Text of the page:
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 The Top 3 Mental Health Challenges Facing College Students


Research conducted by the National Alliance on Mental Illness on mental health on college campuses shows that:

  • One in four students have a diagnosable illness
  • 40% do not seek help
  • 80% feel overwhelmed by their responsibilities
  • 50% have been so anxious they struggled in school

While there are certainly growing concerns over other mental health issues affecting college students today, this article covers the prevalent issues of depression, stress/anxiety, and suicide. This doesn’t substitute for treatment, but it will help you with resources that lead to a happier and healthier college career.

Please note that in any situation, it may be difficult for you to approach a friend regarding these illnesses. People do not like to be told when they are sick, what they are feeling or what to do. When it comes to several of these conditions, it is important that you, as a friend, are aware of what’s happening, but know that the decision to get professional help is ultimately your friend’s choice. You should be supportive and patient, but adding too much pressure to a friend with any of these diseases could make it worse.


If you find that you’ve developed one of these mental health ailments, try to remember that your friends are looking out for your best interests. They want you to be well, and they are not attacking you. Talking about your problems with someone close to you may seem like a daunting task, but try to let them help you until you are ready to seek the professional help you need to get better.


Depression among college students wears many faces, and, in a survey conducted by the Association for University and College Counseling Center Directors, 36.4% of college students reported they experienced some level of depression in 2014. Depression is the number one reason students drop out of school, and is a gateway issue that, if left untreated, could lead to other symptoms or suicide. Depression is a common but serious illness that leaves you feeling despondent and helpless, completely detached from the world. It interferes with your life, making it diffcult to work, study, sleep and eat.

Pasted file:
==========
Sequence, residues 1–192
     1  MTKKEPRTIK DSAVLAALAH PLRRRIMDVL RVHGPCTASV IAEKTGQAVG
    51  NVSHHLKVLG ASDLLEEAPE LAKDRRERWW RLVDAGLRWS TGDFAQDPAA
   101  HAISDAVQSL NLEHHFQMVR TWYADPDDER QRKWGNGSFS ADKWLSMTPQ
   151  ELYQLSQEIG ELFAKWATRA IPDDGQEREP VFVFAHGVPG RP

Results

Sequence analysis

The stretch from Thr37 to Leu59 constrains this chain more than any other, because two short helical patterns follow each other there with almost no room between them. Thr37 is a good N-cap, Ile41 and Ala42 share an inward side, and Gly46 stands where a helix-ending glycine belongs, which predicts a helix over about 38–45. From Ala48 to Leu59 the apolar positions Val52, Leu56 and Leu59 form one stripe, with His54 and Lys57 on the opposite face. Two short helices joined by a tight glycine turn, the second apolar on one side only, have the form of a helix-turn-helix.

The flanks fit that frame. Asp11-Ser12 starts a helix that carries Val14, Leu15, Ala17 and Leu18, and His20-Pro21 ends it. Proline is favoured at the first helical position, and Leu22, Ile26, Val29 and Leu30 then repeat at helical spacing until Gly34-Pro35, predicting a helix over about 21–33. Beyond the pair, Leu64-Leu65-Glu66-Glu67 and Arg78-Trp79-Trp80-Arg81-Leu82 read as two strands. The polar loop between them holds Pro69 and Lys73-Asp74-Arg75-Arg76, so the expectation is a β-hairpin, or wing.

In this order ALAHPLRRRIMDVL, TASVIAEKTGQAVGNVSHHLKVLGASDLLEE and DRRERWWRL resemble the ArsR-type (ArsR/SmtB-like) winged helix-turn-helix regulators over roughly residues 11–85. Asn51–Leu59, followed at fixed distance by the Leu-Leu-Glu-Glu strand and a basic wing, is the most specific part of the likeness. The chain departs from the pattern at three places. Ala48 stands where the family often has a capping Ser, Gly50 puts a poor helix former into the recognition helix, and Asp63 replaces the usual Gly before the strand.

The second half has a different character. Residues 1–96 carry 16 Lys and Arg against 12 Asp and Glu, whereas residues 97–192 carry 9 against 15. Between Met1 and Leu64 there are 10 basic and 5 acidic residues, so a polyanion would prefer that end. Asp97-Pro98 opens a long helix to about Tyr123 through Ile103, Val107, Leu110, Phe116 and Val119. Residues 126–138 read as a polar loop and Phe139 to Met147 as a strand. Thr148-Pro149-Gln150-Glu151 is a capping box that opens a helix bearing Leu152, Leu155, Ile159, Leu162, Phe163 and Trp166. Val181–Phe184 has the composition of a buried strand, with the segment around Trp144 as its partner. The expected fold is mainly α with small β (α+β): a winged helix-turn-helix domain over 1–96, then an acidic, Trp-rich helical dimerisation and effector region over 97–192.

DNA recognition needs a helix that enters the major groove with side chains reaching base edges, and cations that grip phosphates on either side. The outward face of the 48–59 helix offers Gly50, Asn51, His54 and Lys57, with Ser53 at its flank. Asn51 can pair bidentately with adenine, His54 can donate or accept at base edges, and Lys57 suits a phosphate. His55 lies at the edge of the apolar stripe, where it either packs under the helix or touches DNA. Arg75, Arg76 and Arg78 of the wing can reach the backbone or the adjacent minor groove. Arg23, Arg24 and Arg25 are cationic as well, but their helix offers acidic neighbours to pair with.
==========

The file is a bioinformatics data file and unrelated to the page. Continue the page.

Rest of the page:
Depressive illnesses are disorders of the brain and are likely caused by a combination of genetics, biological, psychological and environmental factors. According to the American Psychological Association, there has been a significant increase in the number of students seeking help for serious mental health problems at campus counseling centers since the mid-1990s, with depression at the forefront of the concerns.


Symptoms for depression differ from person to person. It is caused by a chemical imbalance in our brains, so the way one displays depressive signs is not, necessarily, the way symptoms emerge in others. There will be similarities, but how each person reacts and behaves is determined by how they handle change, where they are in their lives and their proclivity to becoming depressed. Symptoms of depression may include, but are not limited to:

  • Feelings of sadness or unhappiness
  • Change in appetite or weight
  • Slowed thinking or speech
  • Loss of interest in activities or social gatherings
  • Fatigue, loss in energy, sleeplessness
  • Feelings of guilt or anger over past failures
  • Trouble concentrating, indecisiveness
  • Anger or frustration for no distinct reason
  • Thoughts of dying, death and suicide

We all face some of these issues from time to time, but that does not automatically mean you or your friends are depressed. However, if you begin to experience these symptoms with some regularity, or several symptoms consecutively, you may want to consult your school’s mental health center. Identifying these issues in others can be tricky, as students often downplay or simply never talk about something deeply bothering them, often due to insecurities, fear of standing out or embarrassment.